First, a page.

Tip #6: Know the way to your deer stand.
Deer season requires early mornings and late nights, so knowing where you’re going and where you are is important. After all, in the dark, all trees look the same, and climbing into a deer stand occupied by your neighbor would not be a good start to the season.
Tip #7: Stay young.
In my family, there is an unwritten rule that the youngest hunters get first chance at the big bucks. The idea is that the young hunter can shoot first, and if he or she misses, then the experienced marksman will drop the buck. Unfortunately, my sister and I have proven to be superior marksmen, as we have both shot trophy bucks over the past few years. In fact, we are so good that my dad hasn’t shot a deer in five years. Of course, he says he hasn’t shot because of all the trophies he already has on the wall. My sister and I, however, know the truth.
Tip #8: Walk or drive the draws to flush out deer.
Our cabin sits on a hilled area of 1,000 acres, so there are plenty of places for the deer to hide. That means we walk or drive the canyons to flush them out. This causes some concern for me and my little sister. I soon found that, along with deer, snakes also hide in the canyons, and my sister has a constant fear of being mistaken as a deer.
Tip #9: Know when to shoot and when not to shoot.
We have learned to determine quickly whether the deer we see through our scope is big enough to shoot or small enough to let go. My sister and my trophy deer would attest to that. My cousins, however, seem to have a little problem with this. They say that they see a “monster deer,” but when it hits the ground, and we see the deer, that deer seems to have experienced ground shrinkage. For this reason, they are known as Bambi killers.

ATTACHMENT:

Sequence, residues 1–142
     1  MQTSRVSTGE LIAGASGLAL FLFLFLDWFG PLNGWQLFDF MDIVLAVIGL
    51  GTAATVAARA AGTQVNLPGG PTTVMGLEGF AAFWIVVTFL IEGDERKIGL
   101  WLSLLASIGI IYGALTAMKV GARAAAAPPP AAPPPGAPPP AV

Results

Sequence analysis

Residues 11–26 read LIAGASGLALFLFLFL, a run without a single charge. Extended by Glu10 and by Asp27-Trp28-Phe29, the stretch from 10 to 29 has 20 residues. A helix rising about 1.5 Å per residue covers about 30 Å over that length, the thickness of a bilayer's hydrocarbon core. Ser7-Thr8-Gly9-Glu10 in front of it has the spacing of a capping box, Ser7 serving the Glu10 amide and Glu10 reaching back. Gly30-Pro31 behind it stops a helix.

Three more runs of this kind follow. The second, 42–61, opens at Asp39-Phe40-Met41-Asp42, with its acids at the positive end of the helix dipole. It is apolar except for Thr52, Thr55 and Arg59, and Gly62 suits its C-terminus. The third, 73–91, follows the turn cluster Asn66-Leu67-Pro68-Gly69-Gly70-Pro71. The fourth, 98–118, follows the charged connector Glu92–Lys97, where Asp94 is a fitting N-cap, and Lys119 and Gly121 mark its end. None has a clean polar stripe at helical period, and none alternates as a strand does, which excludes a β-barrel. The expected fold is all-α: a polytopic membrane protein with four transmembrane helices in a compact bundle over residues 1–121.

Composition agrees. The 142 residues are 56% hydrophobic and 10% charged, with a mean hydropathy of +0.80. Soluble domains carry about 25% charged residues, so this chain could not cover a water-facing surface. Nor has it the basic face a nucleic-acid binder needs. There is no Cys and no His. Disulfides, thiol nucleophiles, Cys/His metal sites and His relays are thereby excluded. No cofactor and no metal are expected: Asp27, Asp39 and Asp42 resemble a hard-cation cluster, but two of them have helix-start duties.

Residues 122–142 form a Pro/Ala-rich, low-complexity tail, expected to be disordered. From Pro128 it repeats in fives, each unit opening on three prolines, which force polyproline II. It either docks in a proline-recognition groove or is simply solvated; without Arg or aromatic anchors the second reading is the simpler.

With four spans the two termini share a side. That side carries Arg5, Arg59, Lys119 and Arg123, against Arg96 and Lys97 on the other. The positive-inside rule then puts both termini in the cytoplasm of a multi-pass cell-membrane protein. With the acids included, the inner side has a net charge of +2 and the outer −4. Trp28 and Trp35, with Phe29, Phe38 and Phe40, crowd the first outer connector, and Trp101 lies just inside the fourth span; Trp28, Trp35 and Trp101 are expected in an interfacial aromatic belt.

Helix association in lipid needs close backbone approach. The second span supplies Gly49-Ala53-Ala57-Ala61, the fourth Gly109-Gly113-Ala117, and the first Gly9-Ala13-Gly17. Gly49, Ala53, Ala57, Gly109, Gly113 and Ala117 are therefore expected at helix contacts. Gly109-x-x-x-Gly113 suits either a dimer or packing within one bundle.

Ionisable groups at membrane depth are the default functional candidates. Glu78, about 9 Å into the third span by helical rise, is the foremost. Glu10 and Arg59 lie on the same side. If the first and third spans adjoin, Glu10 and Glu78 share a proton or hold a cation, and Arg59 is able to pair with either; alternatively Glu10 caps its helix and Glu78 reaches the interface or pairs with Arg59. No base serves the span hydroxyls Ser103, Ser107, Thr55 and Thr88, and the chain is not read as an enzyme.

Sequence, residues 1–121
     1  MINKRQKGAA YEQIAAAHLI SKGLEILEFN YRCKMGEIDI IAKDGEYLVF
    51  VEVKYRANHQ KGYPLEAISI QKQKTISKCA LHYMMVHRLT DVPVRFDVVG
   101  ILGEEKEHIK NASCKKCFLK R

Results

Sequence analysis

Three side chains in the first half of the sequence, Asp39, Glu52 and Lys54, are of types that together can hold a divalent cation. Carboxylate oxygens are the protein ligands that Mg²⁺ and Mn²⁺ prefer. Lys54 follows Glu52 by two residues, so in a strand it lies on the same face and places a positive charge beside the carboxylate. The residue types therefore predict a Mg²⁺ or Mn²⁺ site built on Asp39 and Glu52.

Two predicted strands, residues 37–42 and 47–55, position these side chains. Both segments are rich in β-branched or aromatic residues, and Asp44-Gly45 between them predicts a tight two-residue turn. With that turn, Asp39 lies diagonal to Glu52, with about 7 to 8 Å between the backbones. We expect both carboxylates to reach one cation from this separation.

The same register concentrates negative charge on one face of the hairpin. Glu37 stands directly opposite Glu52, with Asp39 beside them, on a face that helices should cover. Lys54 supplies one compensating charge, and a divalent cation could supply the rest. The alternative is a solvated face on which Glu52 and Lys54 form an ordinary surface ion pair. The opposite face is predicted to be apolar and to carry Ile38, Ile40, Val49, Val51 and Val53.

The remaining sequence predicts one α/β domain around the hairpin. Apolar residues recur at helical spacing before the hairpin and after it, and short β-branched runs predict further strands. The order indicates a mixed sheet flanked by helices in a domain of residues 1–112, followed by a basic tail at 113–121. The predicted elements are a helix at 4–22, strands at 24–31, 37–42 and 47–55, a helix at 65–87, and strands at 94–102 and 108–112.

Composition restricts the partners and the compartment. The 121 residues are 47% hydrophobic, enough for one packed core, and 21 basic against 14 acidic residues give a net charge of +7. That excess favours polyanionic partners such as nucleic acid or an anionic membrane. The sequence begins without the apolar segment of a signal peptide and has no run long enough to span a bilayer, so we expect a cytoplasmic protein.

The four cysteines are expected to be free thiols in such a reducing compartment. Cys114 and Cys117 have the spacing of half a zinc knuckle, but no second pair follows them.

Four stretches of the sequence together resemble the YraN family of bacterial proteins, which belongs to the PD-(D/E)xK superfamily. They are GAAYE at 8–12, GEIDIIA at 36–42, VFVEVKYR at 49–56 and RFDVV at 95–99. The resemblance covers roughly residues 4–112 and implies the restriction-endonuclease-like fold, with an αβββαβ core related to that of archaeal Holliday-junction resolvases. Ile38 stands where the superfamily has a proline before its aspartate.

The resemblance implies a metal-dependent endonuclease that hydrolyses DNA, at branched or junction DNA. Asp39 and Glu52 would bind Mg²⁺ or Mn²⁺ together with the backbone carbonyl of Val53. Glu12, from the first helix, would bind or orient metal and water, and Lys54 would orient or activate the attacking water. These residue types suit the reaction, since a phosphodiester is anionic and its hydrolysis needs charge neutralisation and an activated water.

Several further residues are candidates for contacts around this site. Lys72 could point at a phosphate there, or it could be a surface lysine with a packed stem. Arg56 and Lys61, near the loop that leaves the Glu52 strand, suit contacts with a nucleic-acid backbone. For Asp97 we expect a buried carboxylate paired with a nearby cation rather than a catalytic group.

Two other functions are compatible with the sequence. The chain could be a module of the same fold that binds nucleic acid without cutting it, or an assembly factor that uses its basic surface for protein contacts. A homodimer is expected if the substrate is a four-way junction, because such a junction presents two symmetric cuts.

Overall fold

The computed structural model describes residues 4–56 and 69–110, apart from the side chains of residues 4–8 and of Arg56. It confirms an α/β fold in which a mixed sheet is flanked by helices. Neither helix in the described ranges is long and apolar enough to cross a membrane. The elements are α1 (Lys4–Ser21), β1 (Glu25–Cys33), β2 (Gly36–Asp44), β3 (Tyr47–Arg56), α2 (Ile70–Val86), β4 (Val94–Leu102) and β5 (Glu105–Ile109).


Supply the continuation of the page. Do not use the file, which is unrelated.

Tip #10: Know when to take a break.
Along with deer season in Nebraska is Husker football season. Not seeing any deer? Watch the Huskers. Tired of walking? Watch the Huskers. Freezing in your deer stand? Watch the Huskers. If all else fails, there’s always the Huskers to turn to. Go Big Red!
Tip #11: Make it memorable.
Remember that hunters come in all shapes, sizes, and sexes! When my sister and I tell people we hunt deer, they’re usually shocked, but it’s just another one of our family traditions. All of our cousins are boys, but that has never stopped us from bagging the biggest of bucks. We have story upon story that we will someday be able to share with our children about deer camp.
In the end, deer season really is one of the most wonderful times of the year. However, at our cabin, if you think you smell chestnuts roasting over that open fire, it’s probably just the peanut shells on the floor catching fire or the toy jeep full of deer hunters melting that my cousin carelessly left on top of the wood burning stove. Either way, every year we are making family memories that are as “deer” to us as those at Christmas. So with this being the opening week of deer season, best of luck to all, and to all a good night.